Slow Cooked Lamb

This slow cooked lamb recipe makes use of sumac. This is one of my favourite flavourings to use with lamb.

Am I confused, or does New Zealand have so much lamb they can export it all over the world? And if that is the case, in the UK where do all their lambs go if you can only find New Zealand lamb in the supermarkets? When we were in Scotland we saw a LOT of lambs. It was spring and the lambs were bountiful. But in the shops all we could find was New Zealand lamb. If we wanted Scottish lamb we had to go to the butcher. Now, given the choice I would rather buy local. It is grown, slaughtered and butchered without encountering freezers and accumulating travel miles. Having eaten both choices I can tell you that the local bred lamb was far better. The New Zealand lamb is expensive but still nearly 50 percent cheaper than local lamb. Something is wrong here. Our Karoo lamb is some of the finest I’ve ever come across. It is not cheap but still works out at less per kg than what the New Zealand lamb cost us in Scotland. I’ll never complain about the price again though as I can buy South African lamb at any supermarket here.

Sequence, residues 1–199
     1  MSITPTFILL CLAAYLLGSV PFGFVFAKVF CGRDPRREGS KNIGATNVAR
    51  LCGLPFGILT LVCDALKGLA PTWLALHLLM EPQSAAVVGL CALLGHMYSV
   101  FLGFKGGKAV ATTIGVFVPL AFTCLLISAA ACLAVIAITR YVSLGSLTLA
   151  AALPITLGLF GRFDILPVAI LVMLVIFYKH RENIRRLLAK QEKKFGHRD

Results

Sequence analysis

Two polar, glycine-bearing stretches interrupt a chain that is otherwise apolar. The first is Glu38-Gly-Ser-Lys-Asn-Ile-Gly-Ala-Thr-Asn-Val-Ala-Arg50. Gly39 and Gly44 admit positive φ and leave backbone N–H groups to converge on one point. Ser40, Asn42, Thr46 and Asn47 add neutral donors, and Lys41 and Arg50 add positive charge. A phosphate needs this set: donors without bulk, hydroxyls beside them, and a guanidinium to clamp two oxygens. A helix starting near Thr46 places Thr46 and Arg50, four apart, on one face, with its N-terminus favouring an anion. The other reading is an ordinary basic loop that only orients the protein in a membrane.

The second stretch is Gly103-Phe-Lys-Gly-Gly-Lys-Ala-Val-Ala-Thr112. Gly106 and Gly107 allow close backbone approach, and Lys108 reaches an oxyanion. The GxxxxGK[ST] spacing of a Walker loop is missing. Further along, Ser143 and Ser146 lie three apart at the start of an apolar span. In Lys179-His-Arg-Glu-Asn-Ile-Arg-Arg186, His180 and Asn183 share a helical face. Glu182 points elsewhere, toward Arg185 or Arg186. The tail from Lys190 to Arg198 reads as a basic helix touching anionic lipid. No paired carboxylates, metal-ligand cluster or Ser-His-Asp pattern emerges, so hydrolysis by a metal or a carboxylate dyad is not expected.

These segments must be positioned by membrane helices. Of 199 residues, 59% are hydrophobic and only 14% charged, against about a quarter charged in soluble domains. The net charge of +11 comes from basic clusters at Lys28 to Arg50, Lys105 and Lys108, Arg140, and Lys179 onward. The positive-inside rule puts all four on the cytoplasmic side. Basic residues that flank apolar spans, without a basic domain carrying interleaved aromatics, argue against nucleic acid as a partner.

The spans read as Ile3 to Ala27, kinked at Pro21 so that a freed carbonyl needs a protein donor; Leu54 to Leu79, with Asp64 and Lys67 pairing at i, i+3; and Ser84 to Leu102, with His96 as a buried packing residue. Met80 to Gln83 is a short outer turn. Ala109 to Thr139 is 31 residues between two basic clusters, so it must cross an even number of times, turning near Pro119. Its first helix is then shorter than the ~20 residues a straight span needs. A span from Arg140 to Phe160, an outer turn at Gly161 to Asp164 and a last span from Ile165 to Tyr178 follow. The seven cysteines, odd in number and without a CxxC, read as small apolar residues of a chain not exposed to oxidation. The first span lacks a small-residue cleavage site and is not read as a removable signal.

Do you buy locally farmed meat?

Slow Cooked Lamb
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Slow Cooked Lamb

Recipe Category: Main Course

Ingredients

  • 2 lamb shanks
  • Zest and juice of 1 lemon
  • 3 garlic cloves lightly crushed
  • Small handful of fresh mint roughly chopped
  • Salt and freshly ground black pepper to season
  • 75 mls Greek yoghurt
  • 5 mls olive oil
  • 250 mls red wine
  • 2 large carrots, thickly sliced
  • 2.5 mls sumac
  • 10 mls arrow root

Method

  • Place the lamb shanks into a large Ziploc bag with the lemon zest, lemon juice, the lemon, garlic, mint and yoghurt
  • Seal the bag and rub the marinade over the lamb
  • Leave to marinade for 5 hours
  • Heat the oil in a heavy bottomed pan – I used my tagine
  • Brown the lamb and set aside
  • Deglaze the pan with the red wine
  • Add the marinade, excluding the lemon
  • Return the lamb to the pan
  • Add the carrots and the sumac
  • Cover and simmer for 2 hours
  • Preheat the oven to 160° Celsius
  • Remove the shanks after 2 hours and place into an ovenproof dish
  • Finish them off in the oven while you reduce the gravy
  • Increase the heat and mix the arrow root into the gravy
  • Stir in well, and allow to reduce until nice and thick

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